How To Keep Employees Engaged

Employee engagement is a huge topic these days. If you're wondering how to keep employees engaged, it can be difficult to figure out the best way to implement an employee engagement strategy into your own organization. There are many different ways to approach keeping your employees happy and productive. We'll cover some of the ways to keep your employees engaged, motivated, and how to move your organization forward.

We've all experienced the results of positive employee engagement at one time or another. Even if you've never been part of a highly engaged team, then you've no doubt experienced it when doing business with other companies. And that’s precisely why it's so important to know how to keep employees engaged. Ultimately, it creates positive customer experiences and repeat business. Once the employee journey brings your company to a place of engagement, all leaders must monitor and actively work to maintain it.

Recognize Engagement

It’s important to know what an engaged employee looks like and how to assess an employee's level of engagement. The kind of employee we're looking for is one who understands and passionately seeks to fulfill the mission of the organization. It's pretty clear when you've got an actively disengaged employee, who intentionally works to spread dissatisfaction among your workplace. However, if you're wondering how to keep employees engaged, it can be quite simple: regularly communicate your organization’s mission.

Many leaders spend copious amounts of time talking about short-term goals and improvement methods while neglecting to convey the company’s ultimate reason for existence. Today's younger generations connect with a company's vision and purpose - they are not content to just complete tasks day after day with no view of the broader context.

Recognize When Work Serves The Larger Purpose

Now, if you see little value in your company’s mission, you’re likely part of the reason maintaining employee engagement is a struggle. You may find it surprising that the level of employee engagement within for-profit businesses is routinely significantly higher than employees at nonprofits. You might expect employees dedicated to serving a cause to have a higher level of commitment than those employees working for organizations with the goal of turning a profit. However, business leaders today have found ways to communicate deep meaning in what the company is accomplishing, which can prove to be highly rewarding for employees. If you're wondering how to keep employees motivated and engaged, one of the first steps is to recognize the feeling of completing work that serves the company's vision and share that feeling with others.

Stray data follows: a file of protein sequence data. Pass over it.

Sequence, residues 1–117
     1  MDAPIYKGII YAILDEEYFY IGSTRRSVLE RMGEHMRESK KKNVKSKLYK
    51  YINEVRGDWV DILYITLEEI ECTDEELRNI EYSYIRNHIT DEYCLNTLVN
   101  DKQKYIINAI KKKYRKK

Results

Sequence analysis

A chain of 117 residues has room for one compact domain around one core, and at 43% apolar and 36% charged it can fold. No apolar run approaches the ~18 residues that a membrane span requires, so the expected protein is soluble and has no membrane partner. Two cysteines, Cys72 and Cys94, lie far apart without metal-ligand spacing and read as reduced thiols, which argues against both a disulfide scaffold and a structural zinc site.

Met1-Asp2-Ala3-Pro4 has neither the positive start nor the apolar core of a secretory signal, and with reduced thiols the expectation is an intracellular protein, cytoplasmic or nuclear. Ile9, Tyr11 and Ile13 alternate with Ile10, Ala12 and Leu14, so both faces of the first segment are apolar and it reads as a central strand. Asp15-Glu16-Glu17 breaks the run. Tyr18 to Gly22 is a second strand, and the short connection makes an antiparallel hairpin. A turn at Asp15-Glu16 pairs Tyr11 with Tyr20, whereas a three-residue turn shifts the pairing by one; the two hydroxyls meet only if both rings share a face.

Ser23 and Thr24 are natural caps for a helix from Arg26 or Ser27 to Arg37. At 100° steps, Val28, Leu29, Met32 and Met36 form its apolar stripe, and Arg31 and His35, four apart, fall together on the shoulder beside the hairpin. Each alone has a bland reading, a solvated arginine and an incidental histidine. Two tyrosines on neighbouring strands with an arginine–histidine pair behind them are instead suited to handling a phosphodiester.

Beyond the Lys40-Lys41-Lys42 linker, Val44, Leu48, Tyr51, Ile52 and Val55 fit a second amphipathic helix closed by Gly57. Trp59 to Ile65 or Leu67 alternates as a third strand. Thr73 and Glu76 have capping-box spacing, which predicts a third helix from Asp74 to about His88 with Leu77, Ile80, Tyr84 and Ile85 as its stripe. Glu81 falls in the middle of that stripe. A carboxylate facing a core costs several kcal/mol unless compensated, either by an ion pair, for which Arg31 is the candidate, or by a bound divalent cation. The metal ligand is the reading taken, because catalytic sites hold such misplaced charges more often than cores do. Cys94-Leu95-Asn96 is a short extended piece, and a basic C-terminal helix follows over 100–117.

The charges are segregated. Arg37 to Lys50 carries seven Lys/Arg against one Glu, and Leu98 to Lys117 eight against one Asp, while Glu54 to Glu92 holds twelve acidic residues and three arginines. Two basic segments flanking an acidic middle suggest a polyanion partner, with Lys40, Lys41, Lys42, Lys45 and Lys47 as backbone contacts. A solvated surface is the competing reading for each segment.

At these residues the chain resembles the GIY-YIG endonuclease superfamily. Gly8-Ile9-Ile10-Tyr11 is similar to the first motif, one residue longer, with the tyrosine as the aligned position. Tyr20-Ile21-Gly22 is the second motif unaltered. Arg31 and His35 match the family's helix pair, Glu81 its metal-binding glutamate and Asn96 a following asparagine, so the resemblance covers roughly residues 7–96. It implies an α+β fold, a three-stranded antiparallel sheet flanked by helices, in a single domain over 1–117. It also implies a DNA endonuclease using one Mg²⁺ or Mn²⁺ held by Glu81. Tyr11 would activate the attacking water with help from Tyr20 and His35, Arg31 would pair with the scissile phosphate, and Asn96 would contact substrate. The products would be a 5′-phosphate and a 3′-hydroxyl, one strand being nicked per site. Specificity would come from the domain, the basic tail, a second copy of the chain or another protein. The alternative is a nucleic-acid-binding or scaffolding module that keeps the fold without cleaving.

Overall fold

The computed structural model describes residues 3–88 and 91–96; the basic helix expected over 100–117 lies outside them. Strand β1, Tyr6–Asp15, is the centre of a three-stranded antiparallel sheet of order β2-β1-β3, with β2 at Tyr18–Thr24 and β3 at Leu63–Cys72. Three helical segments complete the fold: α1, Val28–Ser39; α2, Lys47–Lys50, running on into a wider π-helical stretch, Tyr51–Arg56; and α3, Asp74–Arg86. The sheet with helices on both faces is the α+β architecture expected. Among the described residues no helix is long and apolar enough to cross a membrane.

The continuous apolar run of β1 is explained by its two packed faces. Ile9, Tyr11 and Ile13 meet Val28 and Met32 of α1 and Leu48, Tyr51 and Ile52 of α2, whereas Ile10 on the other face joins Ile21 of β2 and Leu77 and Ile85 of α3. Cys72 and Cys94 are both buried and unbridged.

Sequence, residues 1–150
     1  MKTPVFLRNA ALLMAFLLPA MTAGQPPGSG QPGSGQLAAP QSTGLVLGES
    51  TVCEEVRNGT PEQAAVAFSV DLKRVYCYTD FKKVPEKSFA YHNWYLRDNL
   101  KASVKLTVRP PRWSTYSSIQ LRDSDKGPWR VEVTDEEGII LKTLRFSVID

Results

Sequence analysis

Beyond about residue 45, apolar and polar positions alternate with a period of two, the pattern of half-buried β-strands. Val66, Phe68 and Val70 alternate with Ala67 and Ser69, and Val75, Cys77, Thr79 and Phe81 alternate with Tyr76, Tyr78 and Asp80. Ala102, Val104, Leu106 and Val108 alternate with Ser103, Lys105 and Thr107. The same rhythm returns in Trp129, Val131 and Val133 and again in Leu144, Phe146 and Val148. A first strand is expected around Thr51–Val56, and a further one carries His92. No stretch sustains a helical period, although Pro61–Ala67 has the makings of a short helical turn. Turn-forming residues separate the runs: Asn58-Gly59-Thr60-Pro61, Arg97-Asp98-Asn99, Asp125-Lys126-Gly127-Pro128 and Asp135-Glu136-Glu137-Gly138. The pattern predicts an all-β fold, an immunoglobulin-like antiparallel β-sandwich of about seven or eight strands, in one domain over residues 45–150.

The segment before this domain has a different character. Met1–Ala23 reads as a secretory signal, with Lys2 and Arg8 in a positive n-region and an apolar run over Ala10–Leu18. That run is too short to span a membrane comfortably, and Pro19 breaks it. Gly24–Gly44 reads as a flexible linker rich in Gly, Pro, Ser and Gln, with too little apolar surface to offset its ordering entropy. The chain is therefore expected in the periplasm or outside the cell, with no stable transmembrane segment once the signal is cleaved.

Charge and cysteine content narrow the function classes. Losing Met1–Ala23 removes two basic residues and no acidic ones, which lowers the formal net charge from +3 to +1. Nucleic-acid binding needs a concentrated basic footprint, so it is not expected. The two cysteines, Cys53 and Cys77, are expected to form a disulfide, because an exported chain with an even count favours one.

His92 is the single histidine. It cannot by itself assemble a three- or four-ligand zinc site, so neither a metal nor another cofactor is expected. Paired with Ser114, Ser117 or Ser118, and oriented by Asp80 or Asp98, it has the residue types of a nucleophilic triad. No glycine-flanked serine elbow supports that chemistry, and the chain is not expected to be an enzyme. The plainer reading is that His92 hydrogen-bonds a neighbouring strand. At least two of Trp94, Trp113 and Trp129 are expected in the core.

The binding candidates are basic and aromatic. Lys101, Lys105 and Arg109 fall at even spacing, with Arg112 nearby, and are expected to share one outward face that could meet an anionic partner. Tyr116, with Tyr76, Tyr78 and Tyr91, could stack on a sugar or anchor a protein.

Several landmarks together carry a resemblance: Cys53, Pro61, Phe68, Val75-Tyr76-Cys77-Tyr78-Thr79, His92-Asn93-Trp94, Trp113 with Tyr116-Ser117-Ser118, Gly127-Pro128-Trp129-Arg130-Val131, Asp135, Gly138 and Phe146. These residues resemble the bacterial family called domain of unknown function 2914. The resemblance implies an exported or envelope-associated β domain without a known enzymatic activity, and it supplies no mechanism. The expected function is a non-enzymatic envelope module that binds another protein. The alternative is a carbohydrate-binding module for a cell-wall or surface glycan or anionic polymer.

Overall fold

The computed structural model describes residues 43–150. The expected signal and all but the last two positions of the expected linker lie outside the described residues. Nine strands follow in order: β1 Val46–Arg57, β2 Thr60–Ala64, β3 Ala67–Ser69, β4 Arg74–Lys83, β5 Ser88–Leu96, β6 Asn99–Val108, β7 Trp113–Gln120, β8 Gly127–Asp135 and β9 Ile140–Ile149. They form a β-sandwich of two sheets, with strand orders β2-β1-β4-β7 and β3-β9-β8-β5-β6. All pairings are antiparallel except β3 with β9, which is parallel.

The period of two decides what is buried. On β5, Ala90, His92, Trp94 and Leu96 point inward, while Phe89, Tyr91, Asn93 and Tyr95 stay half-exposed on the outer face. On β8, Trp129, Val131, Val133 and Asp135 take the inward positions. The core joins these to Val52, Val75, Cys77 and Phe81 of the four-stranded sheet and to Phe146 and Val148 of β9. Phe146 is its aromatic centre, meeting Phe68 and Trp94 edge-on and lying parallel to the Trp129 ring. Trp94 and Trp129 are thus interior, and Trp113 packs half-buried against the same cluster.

How to Keep Work at Home Employees Engaged

There has been a tremendous shift to remote work since the start of the COVID-19 pandemic. It's clear that remote work is not going anywhere, even as we navigate life post-pandemic, and some of the projected statistics may surprise you. Based on research collected by Ladders, 25% of all professional jobs in North America will be remote by the end of 2022, and opportunities for remote work will continue to increase through 2023. That being said, it can certainly be challenging to make sure your remote employees are motivated and productive. If you're wondering how to keep work at home employees engaged, we've got you covered. 

We've written at length some of the ways to keep your remote employees connected, including checking in with them, seeking feedback, and collaborating often. The most important thing to do if you're trying to understand how to keep work at home employees engaged is connection. Connecting with your remote teams on social media, or messaging apps like Slack or Google teams, is essential to remain connected and keep your remote teams engaged and productive.

How to keep employees motivated and engaged

Recognize the Value of Involvement